Archive for September, 2010

Providing AAC Communication Opportunities

Planning is something that most of us do everyday to one degree or another.  It might be a list for the grocery store, a memo in our planners, or notes for a meeting.  Usually we just “know” when we need to prepare for certain situations.  Something ath twe rarely plan out is our daily communication with others.  I mean those everyday communications at breakfast, around the coffee cart at work or while waiting for our yoga class to begin.  However, as parents and therapists of AAC users, planning communication for that AAC user is crucial to their success.

Every AAC device has different features and communication access.  Some require more preparation for communication situations than others.  We must remember that an AAC device is the VOICE of the user, (our child, our friend, our client).  The communication device must be respected and treated as their voice.  It should be used whenever possible.

Here are some of those possible opportunities:

  • Upon waking in the morning, e.g., “Good Morning, Mom!”
  • At breakfast, e.g., “I’d like toast and eggs today, please.”
  • While getting dressed, e.g., “It’s chilly today.  I’d like to wear my new blue sweater.”
  • To tell information, e.g., “I have finished my homework/chores/piano practice”
  • To comment, e.g., “It has just started raining!”
  • To bid farewell, e.g., “Bye, Dad.  Have a good day at work.”
  • And, yes, to plan, e.g. “Can we play another game on the Xbox after school?”

Think of all the things that we communicate within the very first hour of our days.  Continue this thought process throughout the day.  In no time, you will have a list of communication opportunities for your AAC user!

Posted by on September 16th, 2010 No Comments



My oldest child is a boy.  When he was young, he enjoyed spending his time sitting quietly and figuring things out with his hands.  Hours upon hours were spent with a pile of Legos constructing the most elaborate creations. He was a “go with the flow” kind of kid who easily went wherever Mom took him.   My youngest child is also a boy.  When he was young, he never slept more than six hours in a day and he enjoyed spending his time jumping on his bed, swinging and being active while also disliking going to new places.  Why such difference between two children, same sex, same family, etc.?  The answer is temperment. Children are born with their own temperments, or individual styles of interacting with their world, and keep their temperments throughout their lives.  Personlity is the influence of temperment and life experiences.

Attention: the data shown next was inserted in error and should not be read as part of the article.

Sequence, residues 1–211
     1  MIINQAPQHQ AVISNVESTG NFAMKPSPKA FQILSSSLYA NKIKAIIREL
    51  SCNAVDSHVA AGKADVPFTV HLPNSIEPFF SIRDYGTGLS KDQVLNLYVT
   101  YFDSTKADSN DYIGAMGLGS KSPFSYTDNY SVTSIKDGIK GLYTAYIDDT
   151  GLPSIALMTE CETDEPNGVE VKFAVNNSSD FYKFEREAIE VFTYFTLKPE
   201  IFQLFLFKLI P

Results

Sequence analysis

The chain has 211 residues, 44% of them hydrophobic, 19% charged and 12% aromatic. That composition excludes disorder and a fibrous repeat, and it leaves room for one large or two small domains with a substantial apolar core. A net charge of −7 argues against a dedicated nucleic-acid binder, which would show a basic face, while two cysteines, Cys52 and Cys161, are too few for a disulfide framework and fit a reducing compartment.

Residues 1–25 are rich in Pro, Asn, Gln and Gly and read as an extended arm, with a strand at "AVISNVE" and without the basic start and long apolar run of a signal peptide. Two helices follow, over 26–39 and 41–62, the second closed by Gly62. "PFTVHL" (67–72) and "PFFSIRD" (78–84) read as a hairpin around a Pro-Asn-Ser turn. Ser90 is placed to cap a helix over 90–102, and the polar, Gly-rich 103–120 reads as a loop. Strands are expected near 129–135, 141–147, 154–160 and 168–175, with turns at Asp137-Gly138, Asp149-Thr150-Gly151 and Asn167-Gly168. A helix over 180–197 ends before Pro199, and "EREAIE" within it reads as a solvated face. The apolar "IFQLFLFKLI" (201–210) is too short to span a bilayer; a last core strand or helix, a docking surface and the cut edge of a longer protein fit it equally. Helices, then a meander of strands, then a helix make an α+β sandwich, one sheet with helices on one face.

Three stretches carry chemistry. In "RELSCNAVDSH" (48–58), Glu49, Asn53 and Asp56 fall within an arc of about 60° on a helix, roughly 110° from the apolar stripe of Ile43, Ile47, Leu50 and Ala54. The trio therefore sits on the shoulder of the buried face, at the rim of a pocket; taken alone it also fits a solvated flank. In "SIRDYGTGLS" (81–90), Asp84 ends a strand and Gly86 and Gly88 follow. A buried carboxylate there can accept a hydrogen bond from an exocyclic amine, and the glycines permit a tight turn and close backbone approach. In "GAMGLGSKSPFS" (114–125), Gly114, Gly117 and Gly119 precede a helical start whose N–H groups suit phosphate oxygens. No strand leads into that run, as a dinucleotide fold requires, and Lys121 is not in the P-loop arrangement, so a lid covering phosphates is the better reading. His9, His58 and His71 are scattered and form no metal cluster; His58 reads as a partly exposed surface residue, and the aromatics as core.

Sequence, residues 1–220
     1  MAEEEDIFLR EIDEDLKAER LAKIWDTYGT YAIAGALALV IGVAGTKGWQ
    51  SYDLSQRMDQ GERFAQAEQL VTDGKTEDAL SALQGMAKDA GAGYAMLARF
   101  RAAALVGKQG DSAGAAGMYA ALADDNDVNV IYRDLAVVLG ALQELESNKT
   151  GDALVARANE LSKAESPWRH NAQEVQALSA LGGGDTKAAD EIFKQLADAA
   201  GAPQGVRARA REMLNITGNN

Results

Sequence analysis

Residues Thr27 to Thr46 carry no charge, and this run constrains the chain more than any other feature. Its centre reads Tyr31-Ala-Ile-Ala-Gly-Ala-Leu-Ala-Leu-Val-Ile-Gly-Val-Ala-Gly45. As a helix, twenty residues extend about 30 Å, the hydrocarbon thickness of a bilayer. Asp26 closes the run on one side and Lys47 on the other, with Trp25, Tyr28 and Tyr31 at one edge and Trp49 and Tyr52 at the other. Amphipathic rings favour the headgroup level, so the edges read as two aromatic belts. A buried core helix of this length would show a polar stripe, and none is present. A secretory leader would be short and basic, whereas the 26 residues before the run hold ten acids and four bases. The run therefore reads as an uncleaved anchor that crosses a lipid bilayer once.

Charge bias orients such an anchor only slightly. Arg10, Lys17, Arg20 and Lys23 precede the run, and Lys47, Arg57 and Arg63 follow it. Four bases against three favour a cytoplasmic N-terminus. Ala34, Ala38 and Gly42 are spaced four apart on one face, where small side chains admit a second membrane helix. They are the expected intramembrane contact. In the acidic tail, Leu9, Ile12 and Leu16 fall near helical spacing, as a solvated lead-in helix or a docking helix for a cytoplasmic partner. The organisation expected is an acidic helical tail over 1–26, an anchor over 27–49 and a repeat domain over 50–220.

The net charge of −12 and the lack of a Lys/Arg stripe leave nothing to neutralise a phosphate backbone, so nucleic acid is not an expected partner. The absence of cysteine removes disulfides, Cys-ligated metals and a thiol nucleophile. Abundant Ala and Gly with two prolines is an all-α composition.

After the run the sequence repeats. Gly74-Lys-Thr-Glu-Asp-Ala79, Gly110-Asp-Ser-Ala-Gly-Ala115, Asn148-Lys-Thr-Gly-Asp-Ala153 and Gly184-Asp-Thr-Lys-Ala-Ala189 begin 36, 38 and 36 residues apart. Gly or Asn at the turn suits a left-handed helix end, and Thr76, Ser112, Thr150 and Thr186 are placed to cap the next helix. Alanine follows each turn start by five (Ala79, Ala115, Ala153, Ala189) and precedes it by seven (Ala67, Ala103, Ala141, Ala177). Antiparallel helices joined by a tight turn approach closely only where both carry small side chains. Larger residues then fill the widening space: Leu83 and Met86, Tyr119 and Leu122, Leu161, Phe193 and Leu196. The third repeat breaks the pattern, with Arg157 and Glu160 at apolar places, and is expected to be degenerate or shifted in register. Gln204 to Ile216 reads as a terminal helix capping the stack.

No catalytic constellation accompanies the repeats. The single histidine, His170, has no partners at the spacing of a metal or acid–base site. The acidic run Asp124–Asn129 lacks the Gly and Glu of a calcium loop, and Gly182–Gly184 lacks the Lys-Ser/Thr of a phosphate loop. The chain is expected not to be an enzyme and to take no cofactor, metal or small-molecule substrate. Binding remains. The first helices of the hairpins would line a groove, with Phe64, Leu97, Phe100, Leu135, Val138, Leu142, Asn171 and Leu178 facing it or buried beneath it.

The study of tempermant began in the 1950’s by Alexander Thomas, Stella Chess, and associates. They identified nine temperment traits that combine in different ways for form three distinct temperments:

  • Easy or flexible: Mostly calm, adaptable, not easily upset and  with predictable sleeping and eating patterns.
  • Difficult, active, or feisty: Frequently  fussy, hesitant in new situations, uncomfortable with new people, bothered by noise, intesely reactive, irregular in sleeping and eating patterns.
  • Slow to warm up or cautious: Usually quiet, sometimes fussy, tend to withdraw or to react negatively to new situations, but their reactions gradually become more positive with continuous exposure.

We come into parenthood and education with our own temperaments which then interact with our children’s temperaments.  Understanding our own, and those of our children allow us, as the adults, to better modulate learning situations to best meet the needs of individual children.  Take some time to observe and think about your own temperament.  How do you react to the world?  What kind of people do you choose to be around?  Observe your children.  What temperament types are they?  How can you alter your parenting or instructional style to better fit with the way that they interact with their world?

Posted by on September 15th, 2010 No Comments


Help Your Child Make and Maintain Strong Friendships

Friends become increasingly important to children as they get older. This is because as children progress through the natural stages of separation from their parents, they depend upon acceptance and inclusion into their social networks of friends.  For some children, especially those with learning and/or communication challenges, developing and keeping friendships is difficult.

One of the best things that you can do to assist your child in developing meaningful friendships is to involve him or her in extra curricular activities.  This provides an avenue for exploring interests and talents as well as a natural setting to meet children with similar interests within a smaller, more controlled setting.   Children who have developed interests and talents are more interesting and have higher self esteem; two factors that positively contribute to the acquisition of strong friendships.  These friendships developed outside of school will naturally flow back into school.  If your child spends most of his or her day within a self contained classroom, participation in extracurricular activities exposes typically developing children to your child in an environment where your child can be successful so that they view your child differently than they may if their only link to them was the special education classroom.